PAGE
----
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Bernie Sanders and Elizabeth Warren. Photo: Bill Clark/CQ Roll Call

Wall Street Democrats are concerned about the fate of the nearly two dozen Democrats in the presidential circuit, New York magazine's Gabe Debenedetti writes for "Intelligencer" [Updated]:

One night in early April, roughly 20 of the Democratic Party’s highest-profile donors from the financial industry sat down over dinner to discuss how exactly they were feeling about the 2020 presidential race. ...
Convened by two veterans of liberal fund-raising — investors Steven Rattner and Blair Effron — the group [shared] notes on the overflowing field of candidates. But coming to some kind of consensus ... was a far-fetched proposition. .
"There’s tremendous fear," said one banker who was there.
The candidates who had long cultivated relationships with Wall Street — such as Cory Booker and Kirsten Gillibrand — were struggling to gain traction and had grown more hostile to finance as their party had, too.
Joe Biden ... had never, until a few months ago, maintained any meaningful relationship with Wall Street ...
Nearly everyone else in the field, the financiers felt, was being pulled leftward by Bernie Sanders ... and Elizabeth Warren ...
Kamala Harris was a favorite of many.

Go deeper.

Go deeper

Dan Primack, author of Pro Rata
2 hours ago - Technology

TikTok gets more time (again)

Illustration: Aïda Amer/Axios

The White House is again giving TikTok's Chinese parent company more to satisfy national security concerns, rather than initiating legal action, a source familiar with the situation tells Axios.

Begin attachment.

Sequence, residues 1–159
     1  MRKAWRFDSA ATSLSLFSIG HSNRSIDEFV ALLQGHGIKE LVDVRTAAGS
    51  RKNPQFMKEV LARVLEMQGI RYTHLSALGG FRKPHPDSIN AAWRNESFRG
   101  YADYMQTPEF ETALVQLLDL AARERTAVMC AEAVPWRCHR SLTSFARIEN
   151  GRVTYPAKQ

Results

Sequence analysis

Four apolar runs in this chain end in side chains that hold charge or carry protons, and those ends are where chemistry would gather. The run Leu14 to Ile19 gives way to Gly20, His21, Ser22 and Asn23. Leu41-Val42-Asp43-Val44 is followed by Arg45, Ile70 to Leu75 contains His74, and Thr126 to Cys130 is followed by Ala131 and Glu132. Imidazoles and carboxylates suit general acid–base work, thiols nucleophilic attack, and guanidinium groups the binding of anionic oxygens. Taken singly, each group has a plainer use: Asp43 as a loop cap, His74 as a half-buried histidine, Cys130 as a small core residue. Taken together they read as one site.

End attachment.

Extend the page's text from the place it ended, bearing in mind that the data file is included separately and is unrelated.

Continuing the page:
The state of play: China's ByteDance had until Friday to resolve issues raised by the Committee on Foreign Investment in the U.S. (CFIUS), which is chaired by Treasury secretary Steve Mnuchin. This was the company's third deadline, with CFIUS having provided two earlier extensions.

Federal judge orders Trump administration to restore DACA

DACA recipients and their supporters rally outside the U.S. Supreme Court on June 18. Photo: Drew Angerer via Getty

A federal judge on Friday ordered the Trump administration to fully restore the Deferred Action for Childhood Arrivals program, giving undocumented immigrants who arrived in the U.S. as children a chance to petition for protection from deportation.

Why it matters: DACA was implemented under former President Obama, but President Trump has sought to undo the program since taking office. Friday’s ruling will require Department of Homeland Security officers to begin accepting applications starting Monday and guarantee that work permits are valid for two years.

Updated 4 hours ago - Politics & Policy

Coronavirus dashboard

Illustration: Aïda Amer/Axios

  1. Politics: Fauci says he accepted Biden's offer to be chief medical adviser "on the spot" — The recovery needs rocket fuel.
  2. Health: CDC: It's time for "universal face mask use" — Death rates rising across the country — Study: Increased testing can reduce transmission.
  3. Economy: U.S. economy adds 245,000 jobs in November as recovery slows — America's hidden depression: K-shaped recovery threatens Biden administration.
  4. Cities: Bay Area counties to enact stay-at-home order ahead of state mandate
  5. Vaccine: What vaccine trials still need to do.
  6. World: UN warns "2021 is literally going to be catastrophic"
  7. 🎧 Podcast: Former FDA chief Rob Califf on the vaccine approval process.